Often I hear people saying that they don’t meditate because they “can’t.” Because sitting still for 30 seconds is impossible, or they get bored or anxious, or they just don’t have time.
Meditation is simply the act of being mindful – of everything, of nothing, of anything, of yourself. There is no end goal, there is no right or wrong way to do it. There are, however, techniques to help you reach a different state of consciousness, while more gracefully sidestepping your perceived struggles with it.
Because if there’s anything we need, it’s not just the ability to quiet and focus our thoughts, allow feelings to come and go, observe our reactions objectively – but also how to incorporate these practices into our everyday lives. Of course it’s easy to be meditative and conscious during a cool down session after yoga class. But what about in the office? On your commute? When your roommate or sibling or mother-in-law is driving you insane?
Here, I have listed 11 things that I have personally done and can attest to the effectiveness of. These methods are easy, accessible, and can definitely fit into your daily routine or at least your interests if “sitting and focusing on breath” doesn’t work for you just yet. The point is that you start somewhere, with whatever works. The benefits of being more mindful are infinite, so we need to get on our zen hustle people.
1. If you really feel like you can’t settle down for longer than 30 seconds, try a children’s meditation.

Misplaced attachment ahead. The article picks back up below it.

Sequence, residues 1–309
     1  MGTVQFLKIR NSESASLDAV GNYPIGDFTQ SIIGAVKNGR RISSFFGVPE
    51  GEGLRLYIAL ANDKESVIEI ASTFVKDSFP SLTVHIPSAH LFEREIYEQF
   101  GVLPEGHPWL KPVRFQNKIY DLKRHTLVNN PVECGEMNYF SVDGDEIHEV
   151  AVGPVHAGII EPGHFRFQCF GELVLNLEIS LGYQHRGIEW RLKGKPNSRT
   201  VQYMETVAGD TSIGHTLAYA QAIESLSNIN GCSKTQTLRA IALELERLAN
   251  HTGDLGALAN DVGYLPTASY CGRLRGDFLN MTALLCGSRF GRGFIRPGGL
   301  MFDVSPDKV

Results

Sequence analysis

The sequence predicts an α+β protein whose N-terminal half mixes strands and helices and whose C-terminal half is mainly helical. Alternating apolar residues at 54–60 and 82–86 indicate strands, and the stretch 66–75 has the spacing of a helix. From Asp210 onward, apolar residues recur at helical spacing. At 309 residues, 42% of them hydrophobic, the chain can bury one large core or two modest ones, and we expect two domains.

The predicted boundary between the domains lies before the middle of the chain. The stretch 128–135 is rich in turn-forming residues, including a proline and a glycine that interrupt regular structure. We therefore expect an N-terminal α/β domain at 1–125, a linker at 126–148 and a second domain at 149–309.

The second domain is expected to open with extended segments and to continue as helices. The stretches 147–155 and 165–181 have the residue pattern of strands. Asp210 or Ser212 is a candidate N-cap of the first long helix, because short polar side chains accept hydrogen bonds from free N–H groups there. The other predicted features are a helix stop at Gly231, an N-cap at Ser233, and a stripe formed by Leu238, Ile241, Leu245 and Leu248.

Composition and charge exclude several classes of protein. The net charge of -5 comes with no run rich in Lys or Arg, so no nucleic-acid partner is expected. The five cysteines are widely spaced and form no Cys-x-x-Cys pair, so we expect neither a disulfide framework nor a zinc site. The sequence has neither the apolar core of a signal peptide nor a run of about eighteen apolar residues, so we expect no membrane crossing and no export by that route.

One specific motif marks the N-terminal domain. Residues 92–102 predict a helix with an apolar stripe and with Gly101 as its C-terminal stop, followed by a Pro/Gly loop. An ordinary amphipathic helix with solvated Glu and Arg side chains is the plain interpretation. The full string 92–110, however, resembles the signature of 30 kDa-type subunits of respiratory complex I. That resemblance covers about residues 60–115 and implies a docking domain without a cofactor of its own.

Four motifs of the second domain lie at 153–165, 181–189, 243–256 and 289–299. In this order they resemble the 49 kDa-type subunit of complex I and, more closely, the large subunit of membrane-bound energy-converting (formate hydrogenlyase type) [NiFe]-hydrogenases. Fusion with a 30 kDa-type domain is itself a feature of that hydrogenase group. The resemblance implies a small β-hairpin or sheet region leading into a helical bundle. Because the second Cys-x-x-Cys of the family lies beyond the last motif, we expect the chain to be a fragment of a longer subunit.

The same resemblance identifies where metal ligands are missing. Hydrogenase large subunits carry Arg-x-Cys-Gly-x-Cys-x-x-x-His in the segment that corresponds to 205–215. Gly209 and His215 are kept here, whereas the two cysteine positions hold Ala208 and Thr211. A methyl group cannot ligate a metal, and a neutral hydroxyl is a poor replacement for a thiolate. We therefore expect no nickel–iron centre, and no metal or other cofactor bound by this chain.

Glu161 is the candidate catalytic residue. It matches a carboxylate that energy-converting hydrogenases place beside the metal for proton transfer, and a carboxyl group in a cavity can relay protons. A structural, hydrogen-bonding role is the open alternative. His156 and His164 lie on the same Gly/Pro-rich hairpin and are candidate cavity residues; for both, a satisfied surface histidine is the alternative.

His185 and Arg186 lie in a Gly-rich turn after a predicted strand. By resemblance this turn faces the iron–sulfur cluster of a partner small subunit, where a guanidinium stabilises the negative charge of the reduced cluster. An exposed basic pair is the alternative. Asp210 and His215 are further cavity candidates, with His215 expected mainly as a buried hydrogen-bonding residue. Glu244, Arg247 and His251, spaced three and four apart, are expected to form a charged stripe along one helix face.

I actually find that I’m more relaxed using meditations designed for kids than I am the ones for adults. (Fun fact: Chrissy introduced me to this when she came to New York and we stayed together one time.) It’s just more straightforward and helps you think at a very innate, basic level. Essentially what I’m saying is, if it can calm a 7-year-old down, it can probably calm you down too.
2. If it seems impossible to carve time out of your daily routine, try incorporating it into the one you already have with a walking meditation.
The idea is that you focus on your breath, on the weight shifting from foot to foot, etc. It’s very simple and you can do it in your room if you want. When I was in college I lived about a mile away from campus, and I would walk to class each day while doing a guided walking meditation – I used one I downloaded from iTunes, you can do the same. First of all, you’re multitasking. Second of all, many people listen to music while walking, not all of which actually serves them in any positive way. Third of all, you arrive to wherever you’re headed in a completely different state of mind, without extended a packed schedule any more than you need to.
3. If you feel you need to understand something better, want to learn, or just find that you are more interested when you meditate on something (a mantra, an idea), try meditating to a lecture or a video.
Of course, make sure you choose something that will help you in becoming more centered. I wouldn’t recommend meditating to Grey’s Anatomy, but hey, whatever works for you I guess. There are all kinds of podcast-esque recordings of lectures and talks that teachers, philosophers and authors have done scattered about the internet. Find something that really interests you, close your eyes and breathe and focus on the message. I personally do this most often.
4. If you need structure and to monitor your growth and progress, try Headspace Take 10.